Hi, I wrote a new blog post about substitution and equational reasoning, a topic I feel is really important to practice when learning Haskell. Hope it helps anyone:
Extremely clear, excellent!
Thank you! I really appreciate the feedback
I will ask a question then: since with
impl the substitution result is — or should be:
(1 * (2 * (3*1)))
have we gained anything by using a counter instead of the naive version?
That’s a good question. If we were in a strict language like Purescript where all arguments to a function are evaluated before applying them to the function, then the answer was yes.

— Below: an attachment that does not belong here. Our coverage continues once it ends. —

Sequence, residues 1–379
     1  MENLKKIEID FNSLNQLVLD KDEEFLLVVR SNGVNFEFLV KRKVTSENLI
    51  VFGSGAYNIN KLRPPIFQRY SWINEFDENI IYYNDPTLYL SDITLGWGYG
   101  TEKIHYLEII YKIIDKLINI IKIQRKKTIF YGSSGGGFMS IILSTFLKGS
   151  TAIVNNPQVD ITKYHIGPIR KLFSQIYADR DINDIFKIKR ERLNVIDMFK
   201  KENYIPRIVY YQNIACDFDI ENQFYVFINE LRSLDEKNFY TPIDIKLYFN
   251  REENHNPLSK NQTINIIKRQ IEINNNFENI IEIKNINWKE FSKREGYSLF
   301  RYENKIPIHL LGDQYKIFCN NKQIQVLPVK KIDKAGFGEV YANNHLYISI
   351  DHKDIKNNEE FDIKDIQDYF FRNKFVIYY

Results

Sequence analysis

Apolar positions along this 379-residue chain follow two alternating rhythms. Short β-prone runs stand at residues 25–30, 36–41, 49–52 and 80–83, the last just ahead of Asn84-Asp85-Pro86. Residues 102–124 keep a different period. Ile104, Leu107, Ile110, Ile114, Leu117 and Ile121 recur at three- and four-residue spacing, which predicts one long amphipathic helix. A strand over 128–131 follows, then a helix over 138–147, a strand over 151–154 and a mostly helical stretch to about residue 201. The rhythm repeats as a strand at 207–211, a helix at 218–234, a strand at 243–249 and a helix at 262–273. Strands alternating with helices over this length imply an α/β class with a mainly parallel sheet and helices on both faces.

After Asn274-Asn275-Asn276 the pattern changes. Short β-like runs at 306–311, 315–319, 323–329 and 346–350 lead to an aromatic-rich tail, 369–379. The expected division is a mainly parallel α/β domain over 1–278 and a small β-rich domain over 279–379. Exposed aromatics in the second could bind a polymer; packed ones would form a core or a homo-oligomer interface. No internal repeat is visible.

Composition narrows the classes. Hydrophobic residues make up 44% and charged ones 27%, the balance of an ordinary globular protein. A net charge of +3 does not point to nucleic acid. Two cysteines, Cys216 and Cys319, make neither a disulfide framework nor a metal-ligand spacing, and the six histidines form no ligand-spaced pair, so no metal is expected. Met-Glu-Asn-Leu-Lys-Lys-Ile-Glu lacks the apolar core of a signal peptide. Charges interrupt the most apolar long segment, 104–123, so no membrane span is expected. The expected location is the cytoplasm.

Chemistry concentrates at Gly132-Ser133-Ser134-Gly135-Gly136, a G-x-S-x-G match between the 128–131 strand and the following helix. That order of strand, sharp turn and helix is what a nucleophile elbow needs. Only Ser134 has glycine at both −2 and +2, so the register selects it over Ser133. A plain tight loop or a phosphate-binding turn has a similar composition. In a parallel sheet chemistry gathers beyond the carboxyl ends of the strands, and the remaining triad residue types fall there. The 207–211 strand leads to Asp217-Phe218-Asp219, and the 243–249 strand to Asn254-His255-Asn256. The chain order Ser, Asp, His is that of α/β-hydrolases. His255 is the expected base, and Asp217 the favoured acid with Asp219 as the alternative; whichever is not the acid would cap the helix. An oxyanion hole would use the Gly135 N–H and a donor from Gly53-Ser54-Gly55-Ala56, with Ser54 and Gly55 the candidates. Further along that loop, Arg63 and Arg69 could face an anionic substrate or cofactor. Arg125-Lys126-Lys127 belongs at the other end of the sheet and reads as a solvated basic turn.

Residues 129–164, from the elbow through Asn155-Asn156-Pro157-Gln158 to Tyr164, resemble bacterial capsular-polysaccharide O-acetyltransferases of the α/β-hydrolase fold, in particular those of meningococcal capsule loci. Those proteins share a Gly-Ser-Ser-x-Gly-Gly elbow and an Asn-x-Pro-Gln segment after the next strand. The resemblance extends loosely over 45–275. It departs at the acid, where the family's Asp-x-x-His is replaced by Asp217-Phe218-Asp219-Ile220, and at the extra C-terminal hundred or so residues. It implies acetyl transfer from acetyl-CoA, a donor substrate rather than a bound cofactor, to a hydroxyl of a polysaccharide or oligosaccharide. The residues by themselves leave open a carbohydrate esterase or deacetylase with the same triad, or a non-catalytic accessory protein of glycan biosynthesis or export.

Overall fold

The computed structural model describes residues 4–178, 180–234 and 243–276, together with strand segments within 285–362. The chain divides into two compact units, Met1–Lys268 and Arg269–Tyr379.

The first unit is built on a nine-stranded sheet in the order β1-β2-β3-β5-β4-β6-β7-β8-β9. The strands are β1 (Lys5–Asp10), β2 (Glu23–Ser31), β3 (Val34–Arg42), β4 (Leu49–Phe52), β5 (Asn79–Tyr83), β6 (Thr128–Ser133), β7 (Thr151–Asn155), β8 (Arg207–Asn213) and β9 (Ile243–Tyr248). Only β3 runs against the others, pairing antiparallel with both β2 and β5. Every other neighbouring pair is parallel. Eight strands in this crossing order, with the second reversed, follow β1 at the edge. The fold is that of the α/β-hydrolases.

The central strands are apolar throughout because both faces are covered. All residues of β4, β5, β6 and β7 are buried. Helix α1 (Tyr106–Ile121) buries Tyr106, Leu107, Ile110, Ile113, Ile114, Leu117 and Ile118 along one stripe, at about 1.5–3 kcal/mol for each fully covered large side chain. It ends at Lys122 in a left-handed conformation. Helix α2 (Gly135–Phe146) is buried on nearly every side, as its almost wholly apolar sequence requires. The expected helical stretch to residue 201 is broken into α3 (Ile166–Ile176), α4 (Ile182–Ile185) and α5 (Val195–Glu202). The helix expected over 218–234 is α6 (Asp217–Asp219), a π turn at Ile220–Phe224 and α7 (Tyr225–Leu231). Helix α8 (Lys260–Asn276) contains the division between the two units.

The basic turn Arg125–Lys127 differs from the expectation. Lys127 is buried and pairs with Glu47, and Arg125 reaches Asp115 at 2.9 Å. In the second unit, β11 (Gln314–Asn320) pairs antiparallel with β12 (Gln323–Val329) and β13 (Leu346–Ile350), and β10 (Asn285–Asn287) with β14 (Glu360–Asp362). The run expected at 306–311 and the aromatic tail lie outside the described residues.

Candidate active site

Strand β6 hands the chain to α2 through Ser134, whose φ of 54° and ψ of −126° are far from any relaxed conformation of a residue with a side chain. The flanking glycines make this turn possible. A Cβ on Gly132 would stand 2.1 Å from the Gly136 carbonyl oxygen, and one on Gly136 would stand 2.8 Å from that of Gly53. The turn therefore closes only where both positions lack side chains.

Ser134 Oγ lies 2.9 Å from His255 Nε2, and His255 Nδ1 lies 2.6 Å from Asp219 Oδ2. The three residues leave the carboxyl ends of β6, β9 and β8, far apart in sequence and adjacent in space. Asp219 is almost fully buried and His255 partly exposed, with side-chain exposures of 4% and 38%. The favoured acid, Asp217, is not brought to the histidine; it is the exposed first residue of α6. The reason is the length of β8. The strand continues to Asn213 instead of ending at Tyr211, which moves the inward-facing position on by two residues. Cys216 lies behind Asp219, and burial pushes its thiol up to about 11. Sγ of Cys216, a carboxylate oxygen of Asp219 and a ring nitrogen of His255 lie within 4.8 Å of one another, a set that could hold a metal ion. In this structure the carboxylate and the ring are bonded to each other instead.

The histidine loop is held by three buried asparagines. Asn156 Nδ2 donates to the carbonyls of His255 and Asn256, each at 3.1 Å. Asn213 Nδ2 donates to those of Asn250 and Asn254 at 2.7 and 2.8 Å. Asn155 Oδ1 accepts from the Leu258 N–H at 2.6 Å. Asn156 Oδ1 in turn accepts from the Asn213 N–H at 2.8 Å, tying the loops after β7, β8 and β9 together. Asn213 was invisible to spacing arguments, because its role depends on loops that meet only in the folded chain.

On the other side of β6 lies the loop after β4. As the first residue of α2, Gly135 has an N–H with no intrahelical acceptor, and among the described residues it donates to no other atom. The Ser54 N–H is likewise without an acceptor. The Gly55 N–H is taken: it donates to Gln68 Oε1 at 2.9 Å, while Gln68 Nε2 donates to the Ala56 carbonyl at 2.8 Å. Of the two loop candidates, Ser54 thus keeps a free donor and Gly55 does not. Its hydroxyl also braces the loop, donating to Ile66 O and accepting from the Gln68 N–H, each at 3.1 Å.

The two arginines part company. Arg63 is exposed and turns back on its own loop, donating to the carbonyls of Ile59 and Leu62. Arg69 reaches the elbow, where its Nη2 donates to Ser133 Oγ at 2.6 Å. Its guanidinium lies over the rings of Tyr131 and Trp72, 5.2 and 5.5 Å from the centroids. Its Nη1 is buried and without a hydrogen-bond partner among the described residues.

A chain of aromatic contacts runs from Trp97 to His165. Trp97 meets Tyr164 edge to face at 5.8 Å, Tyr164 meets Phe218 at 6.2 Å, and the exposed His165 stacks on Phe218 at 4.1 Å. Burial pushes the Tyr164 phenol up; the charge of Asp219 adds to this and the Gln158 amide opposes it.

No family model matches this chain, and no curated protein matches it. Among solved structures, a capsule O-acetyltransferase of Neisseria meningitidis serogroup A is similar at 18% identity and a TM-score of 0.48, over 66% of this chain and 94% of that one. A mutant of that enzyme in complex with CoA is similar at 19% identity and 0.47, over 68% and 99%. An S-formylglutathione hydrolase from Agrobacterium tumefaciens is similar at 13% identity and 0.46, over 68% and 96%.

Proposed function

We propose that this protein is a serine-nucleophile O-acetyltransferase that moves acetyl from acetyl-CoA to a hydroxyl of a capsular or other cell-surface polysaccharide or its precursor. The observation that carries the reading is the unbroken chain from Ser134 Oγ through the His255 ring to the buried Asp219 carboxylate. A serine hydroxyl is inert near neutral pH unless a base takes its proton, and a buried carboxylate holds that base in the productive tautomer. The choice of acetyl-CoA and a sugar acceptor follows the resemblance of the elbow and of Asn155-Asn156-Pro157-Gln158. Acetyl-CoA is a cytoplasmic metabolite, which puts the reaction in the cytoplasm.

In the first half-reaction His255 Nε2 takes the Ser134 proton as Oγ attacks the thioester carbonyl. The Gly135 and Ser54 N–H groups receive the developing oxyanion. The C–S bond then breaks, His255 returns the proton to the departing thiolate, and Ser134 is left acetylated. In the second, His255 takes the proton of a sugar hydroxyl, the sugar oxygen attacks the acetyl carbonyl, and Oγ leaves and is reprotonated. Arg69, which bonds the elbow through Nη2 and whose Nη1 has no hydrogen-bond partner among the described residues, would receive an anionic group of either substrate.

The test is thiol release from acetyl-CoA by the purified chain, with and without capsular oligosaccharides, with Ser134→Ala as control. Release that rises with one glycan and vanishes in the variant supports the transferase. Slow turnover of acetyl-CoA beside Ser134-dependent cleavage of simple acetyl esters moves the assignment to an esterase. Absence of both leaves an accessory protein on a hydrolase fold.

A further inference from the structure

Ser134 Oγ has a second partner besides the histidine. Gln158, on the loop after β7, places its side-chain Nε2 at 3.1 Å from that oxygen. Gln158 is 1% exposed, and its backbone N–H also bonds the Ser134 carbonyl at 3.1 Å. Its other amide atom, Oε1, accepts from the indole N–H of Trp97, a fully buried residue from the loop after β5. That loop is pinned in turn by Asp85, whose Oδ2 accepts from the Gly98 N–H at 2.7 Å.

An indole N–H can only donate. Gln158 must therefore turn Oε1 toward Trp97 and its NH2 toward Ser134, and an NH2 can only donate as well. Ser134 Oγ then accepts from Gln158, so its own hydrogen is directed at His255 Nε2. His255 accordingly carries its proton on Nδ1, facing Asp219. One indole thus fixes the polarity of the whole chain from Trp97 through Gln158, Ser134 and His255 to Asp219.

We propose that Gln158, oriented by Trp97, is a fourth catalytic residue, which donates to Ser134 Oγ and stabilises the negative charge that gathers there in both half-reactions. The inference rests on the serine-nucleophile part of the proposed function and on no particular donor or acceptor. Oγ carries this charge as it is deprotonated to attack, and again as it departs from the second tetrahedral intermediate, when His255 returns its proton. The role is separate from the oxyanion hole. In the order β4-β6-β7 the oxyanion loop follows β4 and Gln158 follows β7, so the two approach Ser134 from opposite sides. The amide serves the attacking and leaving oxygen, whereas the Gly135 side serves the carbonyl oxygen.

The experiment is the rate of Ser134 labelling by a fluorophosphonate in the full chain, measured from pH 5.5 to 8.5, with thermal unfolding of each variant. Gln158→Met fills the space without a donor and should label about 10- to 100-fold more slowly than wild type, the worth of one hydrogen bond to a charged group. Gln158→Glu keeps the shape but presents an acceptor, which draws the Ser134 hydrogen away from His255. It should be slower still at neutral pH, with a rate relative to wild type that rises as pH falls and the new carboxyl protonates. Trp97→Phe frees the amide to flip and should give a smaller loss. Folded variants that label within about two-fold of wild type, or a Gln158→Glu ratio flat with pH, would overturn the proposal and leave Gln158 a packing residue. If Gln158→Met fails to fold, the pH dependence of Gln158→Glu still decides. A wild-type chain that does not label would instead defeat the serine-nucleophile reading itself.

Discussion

But in Haskell, even though you see such program change presented as a solution in places like cs240h, naively, this wouldn’t change anything for us.
It is possible that GHC would figure out that a
cc should be evaluated strictly, but this is not a topic I’m too knowledgeable in and I’m not 100% confident that it would.
For that, a good solution to this problem, as is hinted in the article, is to add a
! before acc in the function arguments definition (
\ !acc n ->) to force the evaluation of acc before entering the function, using the BangPatterns extension.
And then, the rewritten implementation will definitely be better then the original